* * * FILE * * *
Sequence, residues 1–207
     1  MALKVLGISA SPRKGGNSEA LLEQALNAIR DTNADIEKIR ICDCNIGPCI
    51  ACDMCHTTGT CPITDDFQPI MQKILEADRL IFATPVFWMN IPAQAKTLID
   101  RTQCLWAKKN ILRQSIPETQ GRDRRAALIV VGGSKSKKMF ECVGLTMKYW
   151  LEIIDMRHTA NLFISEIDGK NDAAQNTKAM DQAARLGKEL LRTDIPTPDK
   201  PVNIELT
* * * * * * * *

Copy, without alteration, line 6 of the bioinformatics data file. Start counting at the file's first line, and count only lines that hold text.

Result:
   201  PVNIELT